Geekery: Is it Better to Go Wide or Go Deep?

Books Education Entertainment Geek Culture Movies Technology Toys Videogames
Image: Nomadic Lass via Flickr
Image: Nomadic Lass via Flickr

In the past few weeks, we’ve started a lot of things that we haven’t finished. We’re working through a few books at once — Python for Kids and Super Scratch Programming Adventure. We have an unfinished game of Zork on the iPad with the thief still skulking around. We started Dash online and worked our way through a few lessons; and now that tab is staring at me while I write this, guilting me as if it can see that the Snap Circuits are out on the dining room table and I have a post-it note reminding me to order a Raspberry Pi. Lego sets are half built, we have dice but no game in progress, and a solar robot with no sun (or perhaps just a bad panel).

Don’t even get me started on apps. The Room is still unsolved, Can You Escape is holding me hostage, and I can’t remember the last time we watched a whole video with Khan Academy.

Sometimes I feel as if there is too much out there; too many cool opportunities, too many cool projects: just too many parts and books and sets that pile up, covering the surfaces of my house and making me feel very very anxious over how many things we’ve started but haven’t finished.

I mean, don’t we need to finish them? Like library books? Or… dinner?

I’ve been internally debating whether it’s better to go wide or go deep when it comes to Geekery. Is it better to dabble, trying dozens of games and books and projects? Or is it better to seriously commit to one thing — Python, let’s say — and immerse ourselves in it fully?

Because the kids have limited time. Very limited time, once we toss in school and homework and language lessons and sports. And I want them to discover all the things I thought were fun as a child, and experience all the new stuff that has come out in the meantime. Some of the activities will fall to the wayside out of disinterest, and I think that’s okay. They shouldn’t keep up with something if it doesn’t speak to them. But that still leaves too many interesting possibilities to fit into a compact schedule.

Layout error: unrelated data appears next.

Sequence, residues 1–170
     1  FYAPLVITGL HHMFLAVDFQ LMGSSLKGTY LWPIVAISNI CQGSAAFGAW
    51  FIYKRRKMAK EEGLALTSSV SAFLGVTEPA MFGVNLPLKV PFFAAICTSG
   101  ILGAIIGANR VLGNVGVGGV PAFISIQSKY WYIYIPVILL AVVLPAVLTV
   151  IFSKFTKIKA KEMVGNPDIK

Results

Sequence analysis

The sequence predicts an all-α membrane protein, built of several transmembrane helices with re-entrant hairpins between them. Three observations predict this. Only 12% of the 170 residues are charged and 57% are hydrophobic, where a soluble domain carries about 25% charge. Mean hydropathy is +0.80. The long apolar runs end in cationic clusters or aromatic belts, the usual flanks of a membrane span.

It’s important for a child to follow a project through to its end point. To decide to code a video game, and finish the video game so there is the pride that comes from having a finished product. But how many finished products are enough finished products? The Wolvog completed a great game at computer camp last summer. Can we count that as a goal reached and now play around for the rest of the year?

I think more than other areas of life — at least for girls — there is a feeling that if a chosen area isn’t explored well and deeply, the cry of “fake geek” will ring out, as the Doubleclicks express so well. I’d love to expose my kids to facets of Geekery that I don’t know well, such as Dungeons and Dragons. It’s been over 20 years… uh… maybe more… since I’ve last played. And unfortunately, it’s a game where it’s hard to find friendliness unless you go deep. Unless you fully immerse yourself in that world and learn the rules and commit to a campaign. I can’t speak to what it is like to try to fit in as a boy, but I can tell you what my daughter will experience if she doesn’t delve deeper than the Ring trilogy and the Hobbit when it comes to Tolkien; her thoughts will be dismissed, her commentary written off. Even if she does read the Silmarillion or The Children of Húrin, her ideas still may be dismissed due to her sex. But at least she can fight back by shooting off all the names of Morwen.

And then there is just the bare fact of not going deep enough: you can’t, for instance, accomplish a lot with a surface understanding of coding. Is it worth touching on programming at all if we’re not going to follow through to the point where we can depart from the books and do our own projects? Sometimes depth matters beyond proving your Geek mettle.

With writing, there are some ideas that fully come to fruition, gently guided from a series of notes into a published novel. There are many other ideas that grabbed me in the moment, filled me with excitement while I wrote, but fizzled out after a chapter or two. It’s not that I didn’t love those stories, but it wasn’t the right time to tell them, either due to mood or timing or other commitments. I know there is always a chance that I’ll circle back to those stories, especially if the right opportunity presents itself.

Maybe that’s the attitude I need to take with some of our projects. That it is better at times to go wide until you find the place to go deep. And plumbing the depths of a bit of Geekery isn’t something that happens for every project, book, or game started, but instead is something that can’t be always planned or predicted. Sometimes we just stick with things because they stick with us.

Or sometimes your mother tells you that she spent a lot of money on that Lego set, and it better get built.

Just sayin’.

Do you think it’s better to go wide and try a lot of things, or go deep with just a few areas of Geekery?